BY FLAVIA DAVIDS
1985 – Anti-apartheid protest by Maties quashed by police and other students
REVEREND John Green and Stellenbosch University (SU) student Lloyd Davids, who had been granted permission by Phillip Verster, the SU Student Representative Council (SRC) chairperson at the time, led 300 SU students in peaceful anti-apartheid protest. The students and their leaders united in the singing of freedom songs and chanting in September of 1985.
Before the protest, Verster issued a warning to the student
body that the protest would not be met with any conflict as the student body “must give the students a chance to exercise their action”. However, chaos ensued when different groups of SU students attempted to block the protest.
As reported by Die Matie on 5 September 1985, approximately 60 Wilgenhof students tried to stop the protest by throwing water bombs (made from plastic bags) at the protestors. Other student groups threatened the protestors by arming themselves with batons and sticks and pelted them with eggs. Once the protest left the campus, a group of 150 Afrikaner Weerstandsbeweging (AWB) supporters
attempted to block the protestors’ path. The scene was de-escalated by plain-clothed, sjambok-wielding police officers and the protest was declared illegal. As the protest drew to a close in front of the Arts building on Ryneveld Street, the rector, Prof Mike de Vries, urged the students not to engage further with the protestors and that anyone who participated in a protest would face “immediate suspension”.
The protestors then dispersed onto the Rooiplein and held a short service, in which a statement was read and “Nkosi Sikelel’ iAfrika” was sung while other students sang “Die Stem”.
1990 – Bonfire of Die Matie papers on Rooiplein
TO express their wrath against Die Matie, 250 disgruntled SU students gathered on the Rooiplein to burn its newspapers. The protest, which also led to the pelting of Die Matie staff with eggs, was believed to have been partially motivated by the protesting students’ outrage at the publication of the article “Doop gaan voort”, an article that had an anti-initiation stance.
The head of the Prim Committee at that time, Louis du Preez, acted as spokesperson of the protesting students as well as the other members of the Prim Committee. Du Preez argued that the articles published in the student newspaper had been “based on lies” and that the publication was not performing its duty as “the independent mouthpiece for the Stellenbosch students” per its mantra.
Further claims included that the student newspaper published articles that were “negative”, “one-sided”, and even “blasphemous”.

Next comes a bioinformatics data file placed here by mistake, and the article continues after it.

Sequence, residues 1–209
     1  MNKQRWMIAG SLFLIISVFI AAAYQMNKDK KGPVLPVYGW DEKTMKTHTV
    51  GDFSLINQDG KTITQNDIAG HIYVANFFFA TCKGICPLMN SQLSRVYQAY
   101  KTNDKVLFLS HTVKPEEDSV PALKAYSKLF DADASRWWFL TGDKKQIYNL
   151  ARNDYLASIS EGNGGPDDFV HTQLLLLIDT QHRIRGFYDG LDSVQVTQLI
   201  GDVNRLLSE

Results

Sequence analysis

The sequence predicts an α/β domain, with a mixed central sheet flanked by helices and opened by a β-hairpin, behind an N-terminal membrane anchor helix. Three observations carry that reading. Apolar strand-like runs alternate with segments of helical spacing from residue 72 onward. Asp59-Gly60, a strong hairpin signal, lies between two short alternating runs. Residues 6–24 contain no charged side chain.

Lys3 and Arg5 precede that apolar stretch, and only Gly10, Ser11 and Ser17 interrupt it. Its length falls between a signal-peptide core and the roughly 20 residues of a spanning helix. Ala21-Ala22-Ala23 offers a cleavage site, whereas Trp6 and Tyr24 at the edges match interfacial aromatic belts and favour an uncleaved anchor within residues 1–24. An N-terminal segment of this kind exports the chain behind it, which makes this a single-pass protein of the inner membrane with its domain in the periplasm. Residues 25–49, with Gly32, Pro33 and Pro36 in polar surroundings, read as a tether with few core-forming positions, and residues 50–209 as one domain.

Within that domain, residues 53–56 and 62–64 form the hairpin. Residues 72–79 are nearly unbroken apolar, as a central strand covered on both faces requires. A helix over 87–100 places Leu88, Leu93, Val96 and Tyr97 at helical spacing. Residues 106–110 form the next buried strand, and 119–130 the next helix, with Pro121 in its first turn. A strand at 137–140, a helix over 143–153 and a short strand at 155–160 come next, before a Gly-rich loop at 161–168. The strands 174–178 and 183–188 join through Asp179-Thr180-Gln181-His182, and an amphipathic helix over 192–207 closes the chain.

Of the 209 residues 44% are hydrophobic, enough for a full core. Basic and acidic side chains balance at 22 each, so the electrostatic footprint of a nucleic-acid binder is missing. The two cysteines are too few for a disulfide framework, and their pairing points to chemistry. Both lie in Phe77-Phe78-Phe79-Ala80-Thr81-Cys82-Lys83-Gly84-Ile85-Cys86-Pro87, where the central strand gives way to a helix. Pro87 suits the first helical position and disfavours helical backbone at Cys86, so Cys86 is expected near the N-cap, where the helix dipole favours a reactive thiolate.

The protest was condemned by then SU rector Prof Mike de Vries, who said that the protest was unjustified, regardless of the intensity of the emotions that led to the protest in the first place.
In May 1990, a further attack on Die Matie took place when the then deputy-editor, Tina du Toit, was fired by the SRC. In a motion of nine to six votes, it was decided that Du Toit should be fired for contravening certain rules set out in Die Matie’s code of conduct. These allegations were dismissed by the then editor, Dries Liebenberg, who claimed that Du Toit’s dismissal “came down to a blatant restriction of [Du Toit’s] freedom and that of Die Matie”.
2015 – Fees Must Fall flame lit in Matieland
THE fall of the Cecil John Rhodes statue at Rhodes University in Makhanda (formerly Grahamstown) in October 2015 sparked the national student-led protest known as the Fees Must Fall (FMF) movement.
In October 2015, SU student Jodi Williams occupied the Admin B building on Victoria Street.
As told to the Sunday newspaper City Press by accounting student Farai Mubaiwa on 25 October
2015, “[It] was an emotional stu-dent who just decided to occupy Admin B on Monday [19 October 2015]. The rest of us joined.” The occupation of the Admin B building was the first of the pro-tests in which students called for free education. In 2016, approx-imately 30 students were inter-dicted by the university after FMF protestors occupied the library in protest of the proposed 8% tuition increase for the 2017 year. The stu-dents vowed to occupy the library until they were met with Prof Wim de Villiers, the rector, to discuss free education, as well as no in-creased tuition fees. The protest was broken up by police with pepper spray, and the students were forcibly removed from the scene. A later protest in October 2016 saw the shutdown of the Arts and Social Sciences, Economic and Management Sciences, and Law buildings during the exam pe riod. A petrol bomb was thrown at the General Engineering building which did not result in any da mage to the property or injuries to the students involved.
2016 – #RedTape movement in solidarity with the voiceless victims of sexual abuse
IN February and March 2016, two SU students from the Harmonie and Heemstede residences respectively were alledgedly raped in separate incidents on the main Stellenbosch campus.
News of the incidents sparked outrage in the Stellenbosch community and led to a demonstration of solidarity known as the #RedTape movement. Students were encouraged to wear tape over their mouths to show solidarity with the victims of sexual abuse and as a show of support for those who are rendered voiceless by the inhumane violation of their bodily integrity.
The protest took place on the Rooiplein for five days, and over a hundred students gathered in silent protest against sexual abuse. A petition to SU management was disseminated to the student community in which requests were made for increased campus security, panic buttons for students in addition to a designated toll-free crisis line for sexual abuse victims.
At the end of the protest, a BA (International Studies) honours student, Ashanti Kunene, recited poetry. SU’s choir, led by conductor André van der Merwe, broke the silence with a rendition of the isiXhosa gospel hymn “Indodana”.